(or the strange story of the time-thieves and the child who brought the stolen time back to the people)

Calendars and clocks exist to measure time, but that signifies little because we all know that an hour can seem as eternity or pass in a flash, according to how we spend it.

― Michael Ende, Momo

Michael Ende, the German fantasy and fiction writer best known for his novel Neverending Story wrote a less well-known but equally beautiful children’s book called Momo a few years earlier, in 1973. Chances are you came across and read it as a kid, and if not, we would recommend it wholeheartedly.

This story is about a special little girl with a remarkable skill: she listens, really listens, and by doing that, she is able to help people. Everyone in her neighbourhood recognizes her and rushes to her, an illiterate and parentless girl in a shabby coat. Her world changes when the strange Men in Grey arrive, convincing everyone to start saving time in their Timesavings Bank. Soon the world turns as grey as they are, and it is left to Momo to save it.

This reminds us all of something—that’s right, the Dalmatian philosophy of pómalo. As one of the book’s characters, a sweeper named Beppo, says:

“It’s like this. Sometimes, when you’ve a very long street ahead of you, you think how terribly long it is and feel sure you’ll never get it swept.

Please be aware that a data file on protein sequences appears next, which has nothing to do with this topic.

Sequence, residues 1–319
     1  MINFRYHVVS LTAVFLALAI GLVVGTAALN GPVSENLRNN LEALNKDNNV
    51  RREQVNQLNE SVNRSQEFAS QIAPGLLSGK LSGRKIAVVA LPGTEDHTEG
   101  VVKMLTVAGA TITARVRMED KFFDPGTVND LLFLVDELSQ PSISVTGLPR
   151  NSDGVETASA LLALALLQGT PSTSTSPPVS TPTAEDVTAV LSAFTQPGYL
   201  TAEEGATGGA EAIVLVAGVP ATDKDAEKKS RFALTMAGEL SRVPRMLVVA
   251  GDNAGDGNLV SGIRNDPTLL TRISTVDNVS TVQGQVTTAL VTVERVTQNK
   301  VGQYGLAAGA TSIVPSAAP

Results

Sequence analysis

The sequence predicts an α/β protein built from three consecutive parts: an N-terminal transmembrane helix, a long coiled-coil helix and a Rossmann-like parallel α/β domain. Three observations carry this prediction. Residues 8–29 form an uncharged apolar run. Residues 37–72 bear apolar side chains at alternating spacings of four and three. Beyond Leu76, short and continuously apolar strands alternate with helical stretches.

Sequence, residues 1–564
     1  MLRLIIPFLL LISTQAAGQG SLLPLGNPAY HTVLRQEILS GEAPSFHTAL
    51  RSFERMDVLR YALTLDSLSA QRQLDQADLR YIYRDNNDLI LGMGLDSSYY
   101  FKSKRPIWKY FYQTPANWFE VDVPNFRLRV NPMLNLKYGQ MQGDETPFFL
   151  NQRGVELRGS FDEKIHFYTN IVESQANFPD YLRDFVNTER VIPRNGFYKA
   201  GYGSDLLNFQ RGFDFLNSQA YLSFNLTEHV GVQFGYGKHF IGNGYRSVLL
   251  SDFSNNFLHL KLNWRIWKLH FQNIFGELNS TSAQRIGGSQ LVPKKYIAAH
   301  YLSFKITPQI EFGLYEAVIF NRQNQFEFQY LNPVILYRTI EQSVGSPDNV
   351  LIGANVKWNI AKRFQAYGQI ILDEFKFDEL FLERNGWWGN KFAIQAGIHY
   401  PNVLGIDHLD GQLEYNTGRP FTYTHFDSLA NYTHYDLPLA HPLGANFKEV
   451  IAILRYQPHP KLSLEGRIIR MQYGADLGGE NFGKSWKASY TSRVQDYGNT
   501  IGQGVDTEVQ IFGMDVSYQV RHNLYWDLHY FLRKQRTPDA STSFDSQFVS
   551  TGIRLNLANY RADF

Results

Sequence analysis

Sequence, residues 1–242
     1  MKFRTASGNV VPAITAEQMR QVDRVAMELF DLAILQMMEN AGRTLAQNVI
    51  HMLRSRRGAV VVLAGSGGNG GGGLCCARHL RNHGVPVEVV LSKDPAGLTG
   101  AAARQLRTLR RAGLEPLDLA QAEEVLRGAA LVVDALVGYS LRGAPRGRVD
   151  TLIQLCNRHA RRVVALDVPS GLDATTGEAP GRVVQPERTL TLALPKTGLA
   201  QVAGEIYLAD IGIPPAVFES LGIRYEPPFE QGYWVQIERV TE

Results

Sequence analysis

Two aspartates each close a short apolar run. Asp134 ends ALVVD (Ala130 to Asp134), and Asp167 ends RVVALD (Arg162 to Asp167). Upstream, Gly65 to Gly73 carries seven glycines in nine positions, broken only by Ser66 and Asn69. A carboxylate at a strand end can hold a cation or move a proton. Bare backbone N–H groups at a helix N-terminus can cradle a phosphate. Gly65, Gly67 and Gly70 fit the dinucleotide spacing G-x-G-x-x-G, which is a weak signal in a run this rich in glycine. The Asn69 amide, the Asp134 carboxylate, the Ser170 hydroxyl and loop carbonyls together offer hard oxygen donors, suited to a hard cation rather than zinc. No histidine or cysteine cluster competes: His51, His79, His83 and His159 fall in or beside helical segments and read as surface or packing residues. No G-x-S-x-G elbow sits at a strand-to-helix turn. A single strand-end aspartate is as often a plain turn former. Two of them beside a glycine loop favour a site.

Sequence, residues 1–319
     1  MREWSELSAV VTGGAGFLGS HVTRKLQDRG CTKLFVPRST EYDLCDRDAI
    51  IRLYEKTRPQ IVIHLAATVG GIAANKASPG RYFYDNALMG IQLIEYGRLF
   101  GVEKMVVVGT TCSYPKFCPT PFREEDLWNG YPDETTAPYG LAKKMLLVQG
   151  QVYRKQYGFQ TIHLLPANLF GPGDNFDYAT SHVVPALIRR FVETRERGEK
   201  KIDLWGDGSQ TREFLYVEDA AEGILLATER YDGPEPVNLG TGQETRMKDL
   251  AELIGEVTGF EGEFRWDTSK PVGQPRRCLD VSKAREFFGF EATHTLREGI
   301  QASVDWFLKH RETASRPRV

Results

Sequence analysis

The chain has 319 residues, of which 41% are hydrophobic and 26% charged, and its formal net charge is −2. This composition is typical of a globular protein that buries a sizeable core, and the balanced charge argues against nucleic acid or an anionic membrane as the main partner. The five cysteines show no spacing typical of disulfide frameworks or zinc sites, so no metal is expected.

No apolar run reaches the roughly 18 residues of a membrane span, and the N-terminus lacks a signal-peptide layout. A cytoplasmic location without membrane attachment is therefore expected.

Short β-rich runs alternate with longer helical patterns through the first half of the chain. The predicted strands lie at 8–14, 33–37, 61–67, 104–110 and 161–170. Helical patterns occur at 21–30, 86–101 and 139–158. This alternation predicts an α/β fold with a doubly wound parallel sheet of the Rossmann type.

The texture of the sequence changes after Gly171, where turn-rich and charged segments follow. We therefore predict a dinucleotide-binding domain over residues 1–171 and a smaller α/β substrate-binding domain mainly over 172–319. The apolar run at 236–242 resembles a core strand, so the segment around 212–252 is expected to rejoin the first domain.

He gazed silently into space before continuing. ‘And then you start to hurry,’ he went on. ‘You work faster and faster, and every time you look up there seems to be just as much left to sweep as before, and you try even harder, and you panic, and in the end you’re out of breath and have to stop – and still the street stretches away in front of you. That’s not the way to do it.’

He pondered a while. Then he said, ‘You must never think of the whole street at once, understand? You must only concentrate on the next step, the next breath, the next stroke of the broom, and the next, and the next. Nothing else.’

Again he paused for thought before adding, ‘That way you enjoy your work, which is important, because then you make a good job of it. And that’s how it ought to be.’

There was another long silence. At last he went on, ‘And all at once, before you know it, you find you’ve swept the whole street clean, bit by bit. What’s more, you aren’t out of breath.’ He nodded to himself. ‘That’s important, too,’ he concluded.”